The new GRP liner was then installed by means of a modified sliplining method. Typically, sliplining is accomplished by pushing sections of carrier pipe into the host pipe one section after another. This method, while performed successfully by AWC on previous projects, was not chosen for this particular project; instead, each section of pipe was essentially pulled into place using a system of sheaves, pulleys, and cables. Rather than jointing each new section of pipe in the insertion pits and pushing the pipe string into place, each section was first pulled into place and then jointed with the previous section inside the host pipe. The process and mechanical effort required of pulling each section of pipe into place was made easier by installing low-friction skids on the invert of the host pipe prior to installation of the GRP liner. These skids not only reduced the friction between the host pipe and the slipline pipe, they also served as spacers to ensure adequate encapsulation during annular space grouting.

Once the new GRP liner was installed, each joint was air tested to ensure gaskets were seated properly. A 12-inch service lateral connection was also made between the new carrier pipe and the existing service. Bulkheads were also constructed at each end of the sliplined reach in order to retain the annular space grout, and internal band seals were installed to provide a watertight connection between the new GRP liner and the existing steel liner, which remained in place at the Phase 2 construction limit.

 With the sliplining complete and the bulkheads installed, cellular foam grout was pumped into the annular space. As it was critical that the annular space be filled completely with the cellular foam grout, AWC proposed using a 50-60 pcf cellular foam grout mix in conjunction with 2-inch injection tubes stationed every 100 feet along the siphon alignment. These grout tubes were installed between the ground surface and the crown of the host pipe prior to installation of the GRP liner pipe. Grout installation was started at the lowest elevation and, using the head pressure from the grout itself, essentially pushed uphill throughout the annular space under its own weight. This technique ensured that the new liner pipe would be completely encapsulated and that all air within annular space was able to escape through the upstream grout tubes located on top of the pipe.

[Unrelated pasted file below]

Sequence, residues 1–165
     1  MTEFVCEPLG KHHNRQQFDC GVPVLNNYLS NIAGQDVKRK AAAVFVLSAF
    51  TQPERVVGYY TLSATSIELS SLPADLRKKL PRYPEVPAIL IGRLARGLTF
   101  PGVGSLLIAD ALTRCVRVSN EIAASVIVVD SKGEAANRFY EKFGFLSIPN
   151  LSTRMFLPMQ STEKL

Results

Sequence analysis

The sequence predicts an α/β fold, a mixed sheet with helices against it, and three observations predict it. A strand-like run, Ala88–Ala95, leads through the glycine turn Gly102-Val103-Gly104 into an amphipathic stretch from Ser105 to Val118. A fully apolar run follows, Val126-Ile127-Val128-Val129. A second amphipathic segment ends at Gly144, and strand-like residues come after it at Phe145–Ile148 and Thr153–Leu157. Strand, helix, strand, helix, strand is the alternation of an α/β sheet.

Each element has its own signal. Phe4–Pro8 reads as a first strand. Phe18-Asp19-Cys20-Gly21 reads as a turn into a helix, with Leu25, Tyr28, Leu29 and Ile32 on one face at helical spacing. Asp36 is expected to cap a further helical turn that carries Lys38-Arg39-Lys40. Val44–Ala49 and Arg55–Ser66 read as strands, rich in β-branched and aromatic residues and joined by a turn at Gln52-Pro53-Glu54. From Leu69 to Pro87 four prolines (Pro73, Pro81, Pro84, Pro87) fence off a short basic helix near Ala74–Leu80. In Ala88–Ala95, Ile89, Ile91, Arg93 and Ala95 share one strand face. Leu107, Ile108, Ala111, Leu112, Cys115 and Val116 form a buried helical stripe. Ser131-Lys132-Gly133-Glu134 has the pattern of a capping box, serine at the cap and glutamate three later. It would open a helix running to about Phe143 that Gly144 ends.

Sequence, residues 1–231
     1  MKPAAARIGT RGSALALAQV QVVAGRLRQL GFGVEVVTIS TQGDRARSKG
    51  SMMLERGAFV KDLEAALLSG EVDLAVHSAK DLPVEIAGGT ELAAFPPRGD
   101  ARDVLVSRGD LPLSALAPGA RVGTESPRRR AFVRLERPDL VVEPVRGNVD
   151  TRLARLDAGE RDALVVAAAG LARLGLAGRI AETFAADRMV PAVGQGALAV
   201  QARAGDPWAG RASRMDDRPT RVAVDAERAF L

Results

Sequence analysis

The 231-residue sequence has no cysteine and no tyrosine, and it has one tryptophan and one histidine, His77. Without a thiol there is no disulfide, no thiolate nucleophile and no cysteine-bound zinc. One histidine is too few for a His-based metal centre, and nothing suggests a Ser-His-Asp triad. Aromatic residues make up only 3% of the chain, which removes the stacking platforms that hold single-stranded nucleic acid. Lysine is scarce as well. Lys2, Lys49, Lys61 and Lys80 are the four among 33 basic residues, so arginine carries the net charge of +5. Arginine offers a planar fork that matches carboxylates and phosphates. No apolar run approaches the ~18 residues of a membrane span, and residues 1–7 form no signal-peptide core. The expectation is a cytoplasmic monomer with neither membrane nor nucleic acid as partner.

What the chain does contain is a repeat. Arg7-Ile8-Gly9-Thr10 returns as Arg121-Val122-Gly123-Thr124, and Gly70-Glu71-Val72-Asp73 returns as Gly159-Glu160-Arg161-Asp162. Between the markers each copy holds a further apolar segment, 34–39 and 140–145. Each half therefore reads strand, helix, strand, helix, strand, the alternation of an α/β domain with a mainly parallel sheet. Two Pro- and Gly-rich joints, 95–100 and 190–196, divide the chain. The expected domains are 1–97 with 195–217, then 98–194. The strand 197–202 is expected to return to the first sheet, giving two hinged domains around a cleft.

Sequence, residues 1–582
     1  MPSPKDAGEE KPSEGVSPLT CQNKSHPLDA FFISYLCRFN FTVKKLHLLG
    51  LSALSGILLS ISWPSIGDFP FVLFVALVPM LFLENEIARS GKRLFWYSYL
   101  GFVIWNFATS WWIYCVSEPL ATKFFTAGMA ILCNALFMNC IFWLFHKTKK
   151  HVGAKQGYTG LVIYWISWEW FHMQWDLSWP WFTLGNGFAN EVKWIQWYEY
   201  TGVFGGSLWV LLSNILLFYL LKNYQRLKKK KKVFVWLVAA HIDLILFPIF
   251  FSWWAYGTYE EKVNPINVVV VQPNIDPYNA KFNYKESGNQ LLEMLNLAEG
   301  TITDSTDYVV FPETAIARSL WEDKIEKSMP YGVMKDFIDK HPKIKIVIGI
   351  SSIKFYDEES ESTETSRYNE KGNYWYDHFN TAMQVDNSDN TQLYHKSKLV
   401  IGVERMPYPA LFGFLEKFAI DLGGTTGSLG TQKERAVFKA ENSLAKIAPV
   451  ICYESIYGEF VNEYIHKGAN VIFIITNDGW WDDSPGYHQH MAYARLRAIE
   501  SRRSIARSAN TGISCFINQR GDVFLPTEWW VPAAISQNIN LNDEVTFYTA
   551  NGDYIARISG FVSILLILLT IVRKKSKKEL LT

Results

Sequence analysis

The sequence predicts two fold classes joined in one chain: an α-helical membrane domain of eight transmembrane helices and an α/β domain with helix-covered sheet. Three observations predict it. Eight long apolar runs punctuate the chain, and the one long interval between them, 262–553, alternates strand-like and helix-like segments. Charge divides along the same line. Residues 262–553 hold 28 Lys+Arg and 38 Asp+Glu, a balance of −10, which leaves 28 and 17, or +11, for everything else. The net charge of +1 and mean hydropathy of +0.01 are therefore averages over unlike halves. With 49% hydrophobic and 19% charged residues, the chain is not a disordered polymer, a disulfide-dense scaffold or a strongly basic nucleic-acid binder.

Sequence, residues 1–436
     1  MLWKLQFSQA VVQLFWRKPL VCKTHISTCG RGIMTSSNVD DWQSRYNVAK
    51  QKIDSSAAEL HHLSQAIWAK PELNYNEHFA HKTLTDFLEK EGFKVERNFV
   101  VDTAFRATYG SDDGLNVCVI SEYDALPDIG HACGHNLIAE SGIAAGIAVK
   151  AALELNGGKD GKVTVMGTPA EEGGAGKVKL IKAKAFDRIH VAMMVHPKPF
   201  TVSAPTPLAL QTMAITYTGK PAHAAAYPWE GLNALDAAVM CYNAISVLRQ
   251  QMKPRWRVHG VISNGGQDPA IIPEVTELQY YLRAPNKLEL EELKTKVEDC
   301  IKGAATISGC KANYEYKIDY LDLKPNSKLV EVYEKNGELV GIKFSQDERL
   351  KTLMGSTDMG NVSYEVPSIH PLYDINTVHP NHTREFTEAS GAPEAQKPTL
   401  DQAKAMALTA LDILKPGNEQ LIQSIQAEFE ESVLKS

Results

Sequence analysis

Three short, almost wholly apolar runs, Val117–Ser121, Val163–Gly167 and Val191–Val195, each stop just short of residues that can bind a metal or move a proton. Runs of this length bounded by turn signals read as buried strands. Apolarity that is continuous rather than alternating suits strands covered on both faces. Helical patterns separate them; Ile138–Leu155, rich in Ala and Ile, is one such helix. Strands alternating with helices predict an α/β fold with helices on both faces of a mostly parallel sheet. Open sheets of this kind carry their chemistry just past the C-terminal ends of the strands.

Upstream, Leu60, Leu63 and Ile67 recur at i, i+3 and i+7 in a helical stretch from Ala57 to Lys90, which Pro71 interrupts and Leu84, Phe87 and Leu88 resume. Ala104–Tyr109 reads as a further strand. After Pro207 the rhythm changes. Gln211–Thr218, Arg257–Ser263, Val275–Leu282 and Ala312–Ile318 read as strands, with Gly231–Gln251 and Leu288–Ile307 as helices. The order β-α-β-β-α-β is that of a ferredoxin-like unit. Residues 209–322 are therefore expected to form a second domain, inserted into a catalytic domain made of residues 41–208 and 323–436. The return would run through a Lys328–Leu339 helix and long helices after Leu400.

Another critical factor addressed for the annular space grouting process was the method for preventing pipe floatation, because the buoyant forces acting on the GRP liner pipe when submerged and encapsulated in the annular space grout far exceeded the weight of the pipe, it was necessary to provide additional ballast to prevent the pipe from floating. Pipe floatation, while acceptable in some situations, was undesirable in this circumstance as the service lateral connection and bulkheads could have become damaged were the pipe to float. To address this, AWC installed temporary inflatable plugs inside the 72” GRP liner pipe at each end of the sliplined reach and filled the pipe with approximately 250,000 gallons of water. This additional weight inside the pipe provided sufficient ballast to prevent floatation during grouting.

 Finally, after all annular space grout had experienced initial cure, the ballast water was drained, and the plugs were removed. The access excavations were then backfilled, asphalt patching and roadway restoration was completed, and the road was reopened to traffic. Slipline rehabilitation offers a unique advantage to traditional open-cut repairs in that minimum surface disturbance is required.